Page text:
This betrayal in morality may not be the first instance of tanking games, but it was without a doubt the most visible.  With the potential for greatness in the ’84 draft class and obvious losing tactics employed by the Rockets, new Commissioner David Stern had to take action.  The NBA had taken a hit after the ’83 season in the media and by the fans.  Immediately following the 1984 NBA draft Stern did away with the prehistoric coin flip for his draft lottery system starting in 1985.   At the time each of the 7 non-playoff teams would get an even chance for the #1 pick.  This made sense because now, no matter how many games a team dumped, they would have no advantage in the draft.  That resulted in Patrick Ewing to the Knicks in the famed “frozen-envelope” scandal in which the NBA allegedly rigged the lottery to send Patrick Ewing to a big market team the New York Knicks.  After much controversy over the new system (among the bad teams really) that teams with the worst records weren’t landing the top picks therefore being stuck in mediocrity, the lottery system was changed three more times before we got to the current version. 

  • 1987 – Only the first 3 picks were decided by the lottery the rest would be decided by record.
  • 1990 – The worst team would receive the best chance to get the #1 pick by getting 11 chances in the lottery (11 non-playoff teams). 2nd worst team 10 chances and so on.
  • 1994 – The teams would be weighted based on record with the worst record getting a 25% chance at the number 1 pick and decreased down the line to a 0.5% chance for the best non-playoff team.

This weighting system essentially revived the tanking strategy as now there was some incentive to dump games again.  Basically if at best a team would be the 28th seed why not try for 30 and get a higher percentage chance at the top pick?

Tanking games is unquestionably unethical and a disgrace to the game, but it did pay off for Houston.  By winning back-to-back championships in ’94 & ’95 when MJ decided to give the league a break for two seasons, the Rockets essentially paved the “tanking” way for the other teams as well. 

The Most Recent Example of Dumping Games

In 1996, seven teams were vying for the #1 pick in the upcoming draft.  The prize: Tim Duncan, a franchise-changing big man with a boring, yet undeniably effective game.  By losing excessively down the stretch those 7 teams went a combined 13-57 in the last ten games of the season.  The Spurs conveniently lost their last 6 (the only team to do so) and secured the 3rd worst record in the league at 20-62 or more accurately stated: 3rd best in the Tim Duncan sweepstakes.  The record itself may not be enough to assume tanking but consider the following:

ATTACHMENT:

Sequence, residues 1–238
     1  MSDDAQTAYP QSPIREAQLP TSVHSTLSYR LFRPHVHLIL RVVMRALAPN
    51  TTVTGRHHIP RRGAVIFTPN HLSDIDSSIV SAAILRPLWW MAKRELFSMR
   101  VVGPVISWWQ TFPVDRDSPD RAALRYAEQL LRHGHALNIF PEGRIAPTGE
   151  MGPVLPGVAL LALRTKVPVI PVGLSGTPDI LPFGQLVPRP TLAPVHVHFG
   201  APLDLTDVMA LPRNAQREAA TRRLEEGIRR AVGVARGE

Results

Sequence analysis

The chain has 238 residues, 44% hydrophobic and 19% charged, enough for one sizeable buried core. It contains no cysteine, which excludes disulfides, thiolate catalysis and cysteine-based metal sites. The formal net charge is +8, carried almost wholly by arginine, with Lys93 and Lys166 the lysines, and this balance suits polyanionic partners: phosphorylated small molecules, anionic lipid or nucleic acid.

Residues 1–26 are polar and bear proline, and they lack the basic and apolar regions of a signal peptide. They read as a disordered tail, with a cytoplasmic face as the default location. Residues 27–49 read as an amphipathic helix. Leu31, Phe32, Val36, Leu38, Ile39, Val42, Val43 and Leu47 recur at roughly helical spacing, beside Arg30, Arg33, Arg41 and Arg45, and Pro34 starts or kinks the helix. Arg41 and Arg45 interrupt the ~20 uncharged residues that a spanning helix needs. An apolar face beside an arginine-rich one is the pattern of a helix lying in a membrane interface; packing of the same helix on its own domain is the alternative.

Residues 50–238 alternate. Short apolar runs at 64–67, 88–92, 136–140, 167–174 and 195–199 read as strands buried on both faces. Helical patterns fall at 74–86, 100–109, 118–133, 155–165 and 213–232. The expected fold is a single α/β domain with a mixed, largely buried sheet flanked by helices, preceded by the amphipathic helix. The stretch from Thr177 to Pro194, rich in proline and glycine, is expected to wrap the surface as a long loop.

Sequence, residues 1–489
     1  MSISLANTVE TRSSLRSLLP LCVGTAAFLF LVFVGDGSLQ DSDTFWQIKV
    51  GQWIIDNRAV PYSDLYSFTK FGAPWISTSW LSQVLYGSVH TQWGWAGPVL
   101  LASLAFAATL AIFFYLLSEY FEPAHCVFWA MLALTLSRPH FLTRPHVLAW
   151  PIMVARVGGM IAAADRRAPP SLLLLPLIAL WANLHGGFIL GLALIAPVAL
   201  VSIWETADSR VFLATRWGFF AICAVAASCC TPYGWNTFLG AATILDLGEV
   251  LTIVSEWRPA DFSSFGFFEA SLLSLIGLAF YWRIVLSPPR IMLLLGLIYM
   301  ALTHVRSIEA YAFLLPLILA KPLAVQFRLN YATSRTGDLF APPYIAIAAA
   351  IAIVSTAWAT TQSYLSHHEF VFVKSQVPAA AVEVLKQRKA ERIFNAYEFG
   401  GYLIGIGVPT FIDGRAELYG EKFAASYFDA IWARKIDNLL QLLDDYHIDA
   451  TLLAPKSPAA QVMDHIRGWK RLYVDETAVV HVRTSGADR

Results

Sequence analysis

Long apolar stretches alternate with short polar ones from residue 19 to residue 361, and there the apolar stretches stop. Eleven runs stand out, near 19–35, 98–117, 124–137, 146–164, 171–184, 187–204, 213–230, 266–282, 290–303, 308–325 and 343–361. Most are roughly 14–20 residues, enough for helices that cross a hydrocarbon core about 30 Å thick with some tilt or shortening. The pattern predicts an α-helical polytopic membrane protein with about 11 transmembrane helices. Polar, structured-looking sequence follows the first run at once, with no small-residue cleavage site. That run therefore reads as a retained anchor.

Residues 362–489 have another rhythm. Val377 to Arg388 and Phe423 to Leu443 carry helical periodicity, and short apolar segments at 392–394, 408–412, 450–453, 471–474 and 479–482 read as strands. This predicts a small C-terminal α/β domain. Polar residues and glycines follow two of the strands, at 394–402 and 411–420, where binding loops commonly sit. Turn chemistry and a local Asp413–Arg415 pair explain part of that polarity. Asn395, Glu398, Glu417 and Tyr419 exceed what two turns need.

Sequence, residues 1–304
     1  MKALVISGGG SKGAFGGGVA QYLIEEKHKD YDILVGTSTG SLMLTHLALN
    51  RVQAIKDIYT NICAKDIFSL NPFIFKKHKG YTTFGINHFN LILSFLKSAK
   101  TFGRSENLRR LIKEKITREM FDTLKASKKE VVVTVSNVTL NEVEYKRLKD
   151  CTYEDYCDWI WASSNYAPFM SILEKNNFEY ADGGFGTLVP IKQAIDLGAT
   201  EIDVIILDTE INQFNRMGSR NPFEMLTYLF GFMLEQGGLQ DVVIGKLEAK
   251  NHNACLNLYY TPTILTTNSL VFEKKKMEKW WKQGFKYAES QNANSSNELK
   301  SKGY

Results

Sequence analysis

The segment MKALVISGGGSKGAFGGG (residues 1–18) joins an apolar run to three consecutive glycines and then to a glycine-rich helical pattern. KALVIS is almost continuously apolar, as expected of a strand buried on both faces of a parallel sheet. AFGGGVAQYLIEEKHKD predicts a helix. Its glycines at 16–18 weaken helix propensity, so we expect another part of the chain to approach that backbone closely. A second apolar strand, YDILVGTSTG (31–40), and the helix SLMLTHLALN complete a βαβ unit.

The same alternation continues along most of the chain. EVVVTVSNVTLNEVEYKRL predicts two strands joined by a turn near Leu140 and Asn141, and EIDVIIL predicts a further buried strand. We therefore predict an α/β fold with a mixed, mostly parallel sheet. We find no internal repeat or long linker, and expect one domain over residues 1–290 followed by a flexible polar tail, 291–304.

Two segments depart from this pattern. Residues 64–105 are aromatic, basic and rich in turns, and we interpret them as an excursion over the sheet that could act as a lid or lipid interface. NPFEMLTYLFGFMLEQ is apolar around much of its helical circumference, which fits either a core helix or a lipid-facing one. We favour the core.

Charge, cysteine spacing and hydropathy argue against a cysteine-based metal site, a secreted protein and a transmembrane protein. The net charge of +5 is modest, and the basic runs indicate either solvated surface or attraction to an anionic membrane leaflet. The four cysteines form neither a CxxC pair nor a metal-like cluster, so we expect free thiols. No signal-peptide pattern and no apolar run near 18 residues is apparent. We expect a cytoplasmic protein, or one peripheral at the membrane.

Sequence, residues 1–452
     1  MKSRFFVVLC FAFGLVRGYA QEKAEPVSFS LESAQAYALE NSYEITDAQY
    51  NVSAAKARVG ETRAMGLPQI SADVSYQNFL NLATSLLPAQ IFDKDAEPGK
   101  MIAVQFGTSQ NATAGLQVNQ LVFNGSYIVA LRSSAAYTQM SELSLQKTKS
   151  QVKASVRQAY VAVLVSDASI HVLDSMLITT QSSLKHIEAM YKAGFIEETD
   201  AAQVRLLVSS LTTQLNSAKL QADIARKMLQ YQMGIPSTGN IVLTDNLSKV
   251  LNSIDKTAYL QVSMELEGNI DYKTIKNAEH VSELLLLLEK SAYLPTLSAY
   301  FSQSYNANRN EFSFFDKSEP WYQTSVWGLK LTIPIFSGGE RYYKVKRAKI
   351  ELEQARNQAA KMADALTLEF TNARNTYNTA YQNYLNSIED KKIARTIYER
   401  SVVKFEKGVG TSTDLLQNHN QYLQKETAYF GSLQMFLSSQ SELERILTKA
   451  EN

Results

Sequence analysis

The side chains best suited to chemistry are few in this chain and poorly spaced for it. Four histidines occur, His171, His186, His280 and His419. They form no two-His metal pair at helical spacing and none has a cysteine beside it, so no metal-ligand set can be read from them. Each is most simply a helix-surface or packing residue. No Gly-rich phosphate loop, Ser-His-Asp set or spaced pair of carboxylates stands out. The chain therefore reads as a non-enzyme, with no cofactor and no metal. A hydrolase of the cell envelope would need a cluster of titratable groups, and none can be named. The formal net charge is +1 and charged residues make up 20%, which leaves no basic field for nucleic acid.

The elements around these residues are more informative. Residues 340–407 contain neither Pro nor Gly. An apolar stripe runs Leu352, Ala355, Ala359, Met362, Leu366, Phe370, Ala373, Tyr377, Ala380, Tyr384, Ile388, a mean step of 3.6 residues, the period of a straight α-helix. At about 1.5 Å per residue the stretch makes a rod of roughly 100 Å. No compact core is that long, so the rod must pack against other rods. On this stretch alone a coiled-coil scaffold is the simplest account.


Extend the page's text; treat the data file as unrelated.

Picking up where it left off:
• Questions were raised about whether David Robinson’s foot fracture had healed to the point where he could and should be playing.
  • Similar to the Houston debacle this team was suspiciously led by another well-past-his-prime superstar in Dominique Wilkins (age 37). At the same time other healthy, younger players were being sidelined and rested for no apparent reason. Here’s Barkley’s first hand account after a game vs. the Spurs in 1997:

That was significant in that the Nuggets, Sixers and Mavericks finished just 1, 2 & 4 games better than the Spurs, so winning even one of those last 6 games could have been the difference between getting #2 pick Keith Van Horn rather than Duncan.   That was one of the biggest turnarounds considering the Spurs were 59-23 the previous season. 

Two years later (a much faster turnaround than Houston) had San Antonio winning the 1st of 4 championships in 9 years – led by Duncan.  With this much success from allegedly losing games on purpose, can we really believe it won’t happen again in the near future?

Inspiration, quotes, excerpts & main source: TIP-OFF: How the 1984 NBA Draft Changed Basketball Forever by Filip Bondy